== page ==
* IRremote: IRrecvDump - dump details of IR codes with IRrecv
 * An IR detector/demodulator must be connected to the input RECV_PIN.
 * Version 0.1 July, 2009
 * Copyright 2009 Ken Shirriff
 * JVC and Panasonic protocol added by Kristian Lauszus (Thanks to zenwheel and other people at the original blog post)

#include <IRremote.h>

int RECV_PIN = 19;

IRrecv irrecv(RECV_PIN);

decode_results results;

void setup()
  irrecv.enableIRIn(); // Start the receiver

// Dumps out the decode_results structure.
// Call this after IRrecv::decode()
// void * to work around compiler issue
//void dump(void *v) {
//  decode_results *results = (decode_results *)v
void dump(decode_results *results) {
  int count = results->rawlen;
  if (results->decode_type == UNKNOWN) {
    Serial.print("Unknown encoding: ");
  else if (results->decode_type == NEC) {
    Serial.print("Decoded NEC: ");
  else if (results->decode_type == SONY) {
    Serial.print("Decoded SONY: ");
  else if (results->decode_type == RC5) {
    Serial.print("Decoded RC5: ");
  else if (results->decode_type == RC6) {
    Serial.print("Decoded RC6: ");
  else if (results->decode_type == PANASONIC) { 
    Serial.print("Decoded PANASONIC - Address: ");
    Serial.print(" Value: ");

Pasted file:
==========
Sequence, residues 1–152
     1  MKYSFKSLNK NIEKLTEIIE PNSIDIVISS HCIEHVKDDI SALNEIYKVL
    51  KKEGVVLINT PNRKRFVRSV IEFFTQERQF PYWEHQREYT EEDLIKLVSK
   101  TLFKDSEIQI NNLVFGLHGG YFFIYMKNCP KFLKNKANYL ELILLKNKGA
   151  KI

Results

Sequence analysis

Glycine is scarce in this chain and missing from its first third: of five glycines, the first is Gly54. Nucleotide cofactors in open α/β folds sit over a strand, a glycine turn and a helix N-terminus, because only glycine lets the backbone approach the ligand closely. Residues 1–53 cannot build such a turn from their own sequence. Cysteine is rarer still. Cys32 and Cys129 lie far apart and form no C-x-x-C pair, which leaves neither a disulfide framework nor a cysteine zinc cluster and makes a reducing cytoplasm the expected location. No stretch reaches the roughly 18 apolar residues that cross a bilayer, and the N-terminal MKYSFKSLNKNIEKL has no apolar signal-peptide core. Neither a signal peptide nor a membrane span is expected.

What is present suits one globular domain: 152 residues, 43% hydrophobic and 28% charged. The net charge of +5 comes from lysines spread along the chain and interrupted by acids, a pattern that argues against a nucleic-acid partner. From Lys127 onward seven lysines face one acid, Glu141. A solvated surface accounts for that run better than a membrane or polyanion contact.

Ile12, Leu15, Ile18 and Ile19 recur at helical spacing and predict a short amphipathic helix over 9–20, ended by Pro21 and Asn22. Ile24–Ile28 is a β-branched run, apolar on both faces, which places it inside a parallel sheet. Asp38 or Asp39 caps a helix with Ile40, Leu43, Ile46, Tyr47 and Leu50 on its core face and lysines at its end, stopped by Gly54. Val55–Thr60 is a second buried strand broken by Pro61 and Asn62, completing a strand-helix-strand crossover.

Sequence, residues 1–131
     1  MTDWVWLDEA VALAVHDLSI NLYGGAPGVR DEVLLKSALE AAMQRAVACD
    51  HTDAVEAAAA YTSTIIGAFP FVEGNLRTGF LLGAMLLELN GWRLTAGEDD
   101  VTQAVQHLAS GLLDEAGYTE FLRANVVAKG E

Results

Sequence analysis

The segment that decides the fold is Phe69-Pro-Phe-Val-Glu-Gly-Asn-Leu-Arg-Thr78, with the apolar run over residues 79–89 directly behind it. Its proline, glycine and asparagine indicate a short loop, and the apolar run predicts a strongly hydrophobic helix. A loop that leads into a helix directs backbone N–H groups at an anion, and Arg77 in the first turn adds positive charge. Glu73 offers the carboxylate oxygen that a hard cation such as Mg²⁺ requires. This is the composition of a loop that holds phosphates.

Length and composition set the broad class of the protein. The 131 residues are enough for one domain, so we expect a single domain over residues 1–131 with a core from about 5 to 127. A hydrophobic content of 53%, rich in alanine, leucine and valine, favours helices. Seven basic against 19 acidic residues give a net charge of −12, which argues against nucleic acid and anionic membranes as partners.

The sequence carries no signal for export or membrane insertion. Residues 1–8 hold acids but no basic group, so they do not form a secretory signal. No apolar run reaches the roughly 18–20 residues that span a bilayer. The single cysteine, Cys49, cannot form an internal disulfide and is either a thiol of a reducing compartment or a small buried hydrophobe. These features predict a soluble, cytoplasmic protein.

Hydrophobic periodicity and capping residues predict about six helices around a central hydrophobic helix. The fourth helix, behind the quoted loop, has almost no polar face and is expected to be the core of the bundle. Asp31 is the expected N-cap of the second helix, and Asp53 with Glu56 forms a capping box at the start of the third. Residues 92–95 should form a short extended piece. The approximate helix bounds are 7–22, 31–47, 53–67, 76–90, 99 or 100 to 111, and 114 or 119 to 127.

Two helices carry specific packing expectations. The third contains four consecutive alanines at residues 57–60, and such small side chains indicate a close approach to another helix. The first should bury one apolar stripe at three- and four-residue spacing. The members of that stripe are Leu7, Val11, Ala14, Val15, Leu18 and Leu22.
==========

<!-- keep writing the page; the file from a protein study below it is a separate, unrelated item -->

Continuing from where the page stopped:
else if (results->decode_type == JVC) {
     Serial.print("Decoded JVC: ");
  Serial.print(results->value, HEX);
  Serial.print(" (");
  Serial.print(results->bits, DEC);
  Serial.println(" bits)");
  Serial.print("Raw (");
  Serial.print(count, DEC);
  Serial.print("): ");

  for (int i = 0; i < count; i++) {
    if ((i % 2) == 1) {
      Serial.print(results->rawbuf[i]*USECPERTICK, DEC);
    else {
      Serial.print(-(int)results->rawbuf[i]*USECPERTICK, DEC);
    Serial.print(" ");

void loop() {
  if (irrecv.decode(&results)) {
    Serial.println(results.value, HEX);
    irrecv.resume(); // Receive the next value
You'll have something like this:

Now let's press  (verify) to compile the code then 
 (upload) to load it up to our Arduino.

Now we have to go to Menu > Tool to open up the Serial Monitor windows. After its open, point your AC Remote Control to the IR receiver connected to your Arduino and press each button one by one. You'll get something like this:

NOTE* The IR library can decode most brands of remote controls, but there's a slight chance that yours might not be supported. Go check on the library website if support was added. In my case my remote control ended up being manufactured by NEC. 

Decoded NEC: 80FF48B7 (32 bits) - AC ON
Decoded NEC: 80FFC837 (32 bits) - TEMP UP
Decoded NEC: 80FF58A7 (32 bits) - TEMP DOWN
Decoded NEC: 80FFD827 (32 bits) - TIMER
We have decode our control's codes. Now we have to create another sketch, this time to implement a webserver that will help us to communicate with the arduino over the internet. To do this I modified the Web_Demo example from the Webduino library. 

In order for this to work you'll have to make sure about the following:

-You must have the ethernet shield installed in your Arduino.
-You have to define your Arduino's MAC address and IP in the sketch.
-You have to define the port where the webserver will be working.
- The IR Led should be installed in the Arduino with the anode (shortest leg) on GRD (ground) and the cathode (largest leg, positive) in pin #9.

* Web_Demo.pde -- sample code for Webduino server library */